The Nigerian government does not seem very concerned about its citizens' rights on the internet

December 20, 2018
2 min read
Photo Credit: <a href="">melita_dennett</a> Flickr via <a href="">Compfight</a> <a href="">cc</a>

More than 9 months after going through the senate, Nigeria’s Digital Rights and Freedom bill has still not been signed into law by President Muhammadu Buhari.

When made law, the bill will be an “act to provide for the protection of the human rights online, to protect internet users in Nigeria from infringement of their fundamental freedoms and to guarantee application of human rights for users of digital platforms and/or digital media and for related matters”

It essentially makes provisions for the protection of users’ online identity, curtailing of government’s digital interference with citizens, regulation of government surveillance, and protection for whistleblowers.

Initially conceived in 2015 by digital rights groups, Paradigm Initiative and NetRights Coalition, the bill was eventually sponsored to the house more than a year later by Hon. Chukwuemeka Ujam, a member of the National Assembly.


After numerous setbacks, the Digital Rights and Freedom Bill was eventually passed by the senate on the 13th of March, 2018.

At the time, some Nigerians expressed reservations on how there was more to the bill than just being passed by the senate. It appeared they were right.

Months after, the bill had still not been transmitted to the president for assent; a necessary process to making it law, and may not get there anytime soon.

Recent developments show the bill has taken a further step backward.

A source close to the matter tells Techpoint that a particular clause in the bill was deemed problematic and had to be reworded to conform with European Union (EU) standards.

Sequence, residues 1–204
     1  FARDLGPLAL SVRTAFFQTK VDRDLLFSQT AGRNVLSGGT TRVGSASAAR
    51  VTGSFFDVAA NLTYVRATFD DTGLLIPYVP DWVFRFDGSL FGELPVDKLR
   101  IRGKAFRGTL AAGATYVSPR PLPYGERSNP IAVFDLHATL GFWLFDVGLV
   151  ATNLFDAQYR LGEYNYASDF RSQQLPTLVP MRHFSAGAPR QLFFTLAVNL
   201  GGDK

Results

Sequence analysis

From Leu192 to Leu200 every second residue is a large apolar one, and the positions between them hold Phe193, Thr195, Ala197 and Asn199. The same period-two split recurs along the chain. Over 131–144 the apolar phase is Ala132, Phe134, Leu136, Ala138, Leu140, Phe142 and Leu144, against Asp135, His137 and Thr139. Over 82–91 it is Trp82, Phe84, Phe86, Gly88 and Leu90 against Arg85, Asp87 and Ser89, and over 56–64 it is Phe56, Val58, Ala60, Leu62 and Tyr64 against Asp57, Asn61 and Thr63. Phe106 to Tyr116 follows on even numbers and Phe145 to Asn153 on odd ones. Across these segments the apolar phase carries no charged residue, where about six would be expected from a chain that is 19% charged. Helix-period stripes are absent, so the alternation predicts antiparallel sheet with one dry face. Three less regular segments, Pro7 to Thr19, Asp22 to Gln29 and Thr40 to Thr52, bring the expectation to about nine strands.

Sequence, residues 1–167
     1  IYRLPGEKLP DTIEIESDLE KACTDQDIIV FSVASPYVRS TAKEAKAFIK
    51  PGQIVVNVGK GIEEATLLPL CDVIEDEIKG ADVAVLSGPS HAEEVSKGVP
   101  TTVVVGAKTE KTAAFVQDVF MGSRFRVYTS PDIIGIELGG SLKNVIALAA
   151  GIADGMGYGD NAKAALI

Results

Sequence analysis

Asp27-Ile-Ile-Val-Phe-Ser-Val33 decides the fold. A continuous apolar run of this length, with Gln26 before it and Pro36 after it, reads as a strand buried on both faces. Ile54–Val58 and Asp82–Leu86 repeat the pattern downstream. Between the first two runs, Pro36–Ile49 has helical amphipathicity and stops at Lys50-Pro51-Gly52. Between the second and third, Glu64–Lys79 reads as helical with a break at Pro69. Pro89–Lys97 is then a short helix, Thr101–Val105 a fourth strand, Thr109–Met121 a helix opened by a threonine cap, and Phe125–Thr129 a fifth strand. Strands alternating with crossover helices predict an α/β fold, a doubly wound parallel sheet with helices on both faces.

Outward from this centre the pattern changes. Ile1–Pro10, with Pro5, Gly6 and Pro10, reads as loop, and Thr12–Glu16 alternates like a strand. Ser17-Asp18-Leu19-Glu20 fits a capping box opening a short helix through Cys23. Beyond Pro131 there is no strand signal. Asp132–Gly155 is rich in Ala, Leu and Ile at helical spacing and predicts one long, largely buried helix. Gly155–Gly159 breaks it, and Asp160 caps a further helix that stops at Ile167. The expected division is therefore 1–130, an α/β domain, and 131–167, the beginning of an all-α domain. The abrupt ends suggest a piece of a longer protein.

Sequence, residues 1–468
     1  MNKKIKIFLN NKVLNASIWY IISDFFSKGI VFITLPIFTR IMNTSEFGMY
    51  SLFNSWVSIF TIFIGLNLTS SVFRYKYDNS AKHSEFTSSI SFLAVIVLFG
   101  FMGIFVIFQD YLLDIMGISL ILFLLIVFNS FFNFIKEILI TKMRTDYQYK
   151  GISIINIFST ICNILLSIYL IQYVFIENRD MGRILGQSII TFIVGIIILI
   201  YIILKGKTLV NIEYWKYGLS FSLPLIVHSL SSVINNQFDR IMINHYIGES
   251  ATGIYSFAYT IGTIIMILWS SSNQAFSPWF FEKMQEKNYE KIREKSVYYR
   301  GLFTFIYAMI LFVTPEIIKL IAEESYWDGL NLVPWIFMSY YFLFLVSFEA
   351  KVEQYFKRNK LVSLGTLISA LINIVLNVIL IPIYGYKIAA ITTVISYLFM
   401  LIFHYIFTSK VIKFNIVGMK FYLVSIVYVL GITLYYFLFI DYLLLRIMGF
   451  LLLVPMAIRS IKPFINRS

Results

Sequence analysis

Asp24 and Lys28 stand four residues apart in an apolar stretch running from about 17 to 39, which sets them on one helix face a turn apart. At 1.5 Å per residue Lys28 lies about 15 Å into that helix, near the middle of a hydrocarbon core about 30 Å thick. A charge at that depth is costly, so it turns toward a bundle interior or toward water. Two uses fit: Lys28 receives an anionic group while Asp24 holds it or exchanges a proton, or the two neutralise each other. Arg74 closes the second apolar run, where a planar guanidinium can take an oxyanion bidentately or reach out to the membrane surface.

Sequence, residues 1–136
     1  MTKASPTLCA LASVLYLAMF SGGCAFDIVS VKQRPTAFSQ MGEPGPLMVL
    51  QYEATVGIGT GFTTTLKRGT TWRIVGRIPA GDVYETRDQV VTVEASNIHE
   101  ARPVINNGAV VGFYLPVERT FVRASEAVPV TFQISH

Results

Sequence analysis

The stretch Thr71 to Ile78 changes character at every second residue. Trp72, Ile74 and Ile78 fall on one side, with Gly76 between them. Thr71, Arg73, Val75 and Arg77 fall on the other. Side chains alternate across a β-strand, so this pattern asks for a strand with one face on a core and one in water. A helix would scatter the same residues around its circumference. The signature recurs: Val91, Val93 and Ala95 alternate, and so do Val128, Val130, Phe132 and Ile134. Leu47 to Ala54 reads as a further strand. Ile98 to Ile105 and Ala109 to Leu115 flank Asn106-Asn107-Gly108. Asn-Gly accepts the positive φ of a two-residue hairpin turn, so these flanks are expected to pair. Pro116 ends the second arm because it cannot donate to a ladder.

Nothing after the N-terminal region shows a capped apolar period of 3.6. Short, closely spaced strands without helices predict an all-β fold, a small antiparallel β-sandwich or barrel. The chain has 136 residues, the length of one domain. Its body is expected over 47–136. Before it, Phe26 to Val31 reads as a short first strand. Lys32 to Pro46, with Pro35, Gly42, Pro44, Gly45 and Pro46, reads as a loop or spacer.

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According to the source, after necessary corrections are made, it will go back to the National Assembly and Senate for another round of approvals.

In October 2018, President Muhammadu Buhari declined assent to 16 bills. Though reasons were given for this action, the legal department at National Assembly is reportedly erring on the side of caution so this bill does not suffer the same fate.

If the snail movement through the last 9 months is anything to go by, it may still not hit the president’s desk anytime soon.

Will the President sign the Digital Rights and Freedom Bill?

After all technicalities are addressed  and smoothed, it is important President Muhammadu Buhari signs this bill as soon as possible.

According to the Nigerian Communication Commission, by May 2018, there were 103 million Nigerians on the internet. This was a leap from 98.3 million in December 2017.

In recent times, Nigerians have been exposed to digital rights infractions internationally and within national bothers.

The recent Facebook data breach is the biggest known one on an international stage, even the government is complicit.

Suggested Read: 271,000 Nigerians were affected by the Cambridge Analytica data breach

In 2015, evidence suggested the Bayelsa State government was spying on citizens of the state.

The more Nigerians get online, it becomes imperative to make sure they are digitally safeguarded.

Most of the provisions of the bill are protecting citizens from government-wrought digital rights infractions.

Coincidentally, considering its importance, there is no concrete reason the bill has lingered so long. And this leaves one question;

Is the Nigerian government afraid of empowering its citizens with their digital rights?

Time will tell.

tech. media. startups. africa. vc | Twitter: @victor_ekwealor
tech. media. startups. africa. vc | Twitter: @victor_ekwealor
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tech. media. startups. africa. vc | Twitter: @victor_ekwealor

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